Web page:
Prolonged exercise alters beta-adrenergic responsiveness in healthy sedentary humans.
(Clinical Trial;Journal Article)
To examine whether beta-adrenergic desensitization occurs after prolonged exercise, echocardiograms, heart rate responses to isoproterenol, plasma catecholamines, and circulating lymphocyte beta-adrenergic receptors were examined in 10 sedentary normal subjects at rest and after brief (10 min) and exhaustive (mean duration 95 min) cycle exercise. Resting end-diastolic volume and ejection fraction were significantly reduced after exercise (from 120 +/- 34 to 100 +/- 26 ml and from 60 +/- 0.4 to 54 +/- 0.6%, respectively; both P < 0.05). The amount of isoproterenol needed to increase heart rate 15 and 25 beats/min increased in a dose- (exercise duration) related fashion, and the increase in amount of isoproterenol needed after prolonged exercise was closely related to the decrease in ejection fraction (r2 = 0.67, P = 0.004). Circulating lymphocyte beta-receptor density and affinity, agonist binding, and adenylylcyclase levels were unchanged with prolonged exercise. In conclusion, prolonged exercise in sedentary normal subjects resulted in reduced cardiac chronotropic responsiveness to isoproterenol that was not reflected in peripheral lymphocyte beta-adrenergic-receptor downregulation.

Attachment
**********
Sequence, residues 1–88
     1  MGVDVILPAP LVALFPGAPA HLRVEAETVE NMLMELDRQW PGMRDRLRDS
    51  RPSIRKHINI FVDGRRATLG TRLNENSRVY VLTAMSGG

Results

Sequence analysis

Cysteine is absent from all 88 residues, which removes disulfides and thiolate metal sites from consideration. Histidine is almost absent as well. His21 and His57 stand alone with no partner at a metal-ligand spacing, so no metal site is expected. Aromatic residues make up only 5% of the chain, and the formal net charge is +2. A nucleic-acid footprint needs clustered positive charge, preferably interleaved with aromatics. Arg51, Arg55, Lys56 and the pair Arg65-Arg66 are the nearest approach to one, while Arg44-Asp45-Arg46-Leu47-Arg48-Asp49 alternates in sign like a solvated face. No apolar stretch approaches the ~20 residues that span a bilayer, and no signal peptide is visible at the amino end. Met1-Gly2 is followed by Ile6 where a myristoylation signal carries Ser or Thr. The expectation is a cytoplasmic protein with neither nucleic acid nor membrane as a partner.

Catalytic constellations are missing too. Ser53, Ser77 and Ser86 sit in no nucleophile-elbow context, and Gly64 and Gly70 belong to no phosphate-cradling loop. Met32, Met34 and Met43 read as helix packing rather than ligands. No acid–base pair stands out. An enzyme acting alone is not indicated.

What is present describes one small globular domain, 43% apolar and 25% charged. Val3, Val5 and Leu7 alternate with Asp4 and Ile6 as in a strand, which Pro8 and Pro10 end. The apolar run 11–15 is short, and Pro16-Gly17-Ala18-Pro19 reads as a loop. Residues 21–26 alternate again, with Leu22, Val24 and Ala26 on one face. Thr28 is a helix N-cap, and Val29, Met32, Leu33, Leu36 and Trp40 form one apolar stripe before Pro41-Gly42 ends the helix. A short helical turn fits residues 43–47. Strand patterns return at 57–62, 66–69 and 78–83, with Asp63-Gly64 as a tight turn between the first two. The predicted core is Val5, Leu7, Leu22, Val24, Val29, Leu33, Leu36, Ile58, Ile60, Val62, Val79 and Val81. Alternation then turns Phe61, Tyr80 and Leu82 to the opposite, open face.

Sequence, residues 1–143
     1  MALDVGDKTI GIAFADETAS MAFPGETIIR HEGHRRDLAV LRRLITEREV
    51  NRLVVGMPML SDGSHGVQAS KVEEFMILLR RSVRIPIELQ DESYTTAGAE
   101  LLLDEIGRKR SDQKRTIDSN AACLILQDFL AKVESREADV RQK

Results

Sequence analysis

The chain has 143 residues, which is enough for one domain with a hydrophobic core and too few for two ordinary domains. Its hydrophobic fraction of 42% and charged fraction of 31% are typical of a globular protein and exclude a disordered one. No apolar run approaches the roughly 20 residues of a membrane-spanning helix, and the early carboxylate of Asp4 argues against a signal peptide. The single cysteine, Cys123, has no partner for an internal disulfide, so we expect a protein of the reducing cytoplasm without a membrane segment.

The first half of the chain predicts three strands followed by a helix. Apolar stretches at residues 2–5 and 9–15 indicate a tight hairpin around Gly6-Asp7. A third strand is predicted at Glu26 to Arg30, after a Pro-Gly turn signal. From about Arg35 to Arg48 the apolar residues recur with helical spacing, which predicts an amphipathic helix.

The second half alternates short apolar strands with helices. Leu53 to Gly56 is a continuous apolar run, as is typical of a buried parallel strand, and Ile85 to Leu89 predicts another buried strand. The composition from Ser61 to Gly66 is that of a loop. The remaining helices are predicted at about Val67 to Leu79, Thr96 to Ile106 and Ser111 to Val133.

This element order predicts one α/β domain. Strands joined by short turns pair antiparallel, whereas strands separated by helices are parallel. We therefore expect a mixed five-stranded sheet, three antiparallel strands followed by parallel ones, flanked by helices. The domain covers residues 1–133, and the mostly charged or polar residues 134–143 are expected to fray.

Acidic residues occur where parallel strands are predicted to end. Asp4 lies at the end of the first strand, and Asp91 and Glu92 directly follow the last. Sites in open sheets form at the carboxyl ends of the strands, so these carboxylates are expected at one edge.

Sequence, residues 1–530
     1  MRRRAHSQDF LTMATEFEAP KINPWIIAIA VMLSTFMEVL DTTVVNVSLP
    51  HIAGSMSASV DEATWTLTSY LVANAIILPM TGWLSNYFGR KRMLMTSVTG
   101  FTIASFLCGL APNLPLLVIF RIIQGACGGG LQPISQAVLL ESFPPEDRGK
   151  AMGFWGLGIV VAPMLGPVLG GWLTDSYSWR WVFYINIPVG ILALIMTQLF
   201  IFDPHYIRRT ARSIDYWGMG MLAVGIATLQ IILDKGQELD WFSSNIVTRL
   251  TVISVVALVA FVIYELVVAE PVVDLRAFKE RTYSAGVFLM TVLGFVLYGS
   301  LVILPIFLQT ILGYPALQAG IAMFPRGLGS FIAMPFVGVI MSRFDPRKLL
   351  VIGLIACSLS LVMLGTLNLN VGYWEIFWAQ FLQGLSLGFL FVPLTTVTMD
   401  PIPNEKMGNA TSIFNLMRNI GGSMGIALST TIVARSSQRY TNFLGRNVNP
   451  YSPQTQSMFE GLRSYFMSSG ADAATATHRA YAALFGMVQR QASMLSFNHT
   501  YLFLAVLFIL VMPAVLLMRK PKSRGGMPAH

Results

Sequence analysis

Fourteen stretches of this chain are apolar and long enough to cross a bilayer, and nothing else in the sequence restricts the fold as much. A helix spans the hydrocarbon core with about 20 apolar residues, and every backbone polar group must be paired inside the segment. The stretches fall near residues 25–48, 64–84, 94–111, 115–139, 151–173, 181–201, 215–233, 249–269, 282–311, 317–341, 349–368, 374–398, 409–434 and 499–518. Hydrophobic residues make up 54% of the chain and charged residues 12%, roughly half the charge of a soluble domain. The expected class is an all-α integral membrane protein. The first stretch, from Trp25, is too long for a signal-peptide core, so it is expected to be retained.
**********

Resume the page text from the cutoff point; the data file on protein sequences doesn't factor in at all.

Eysmann, SB; Gervino, E; Vatner, DE; Katz, SE; Decker, L; Douglas, PS
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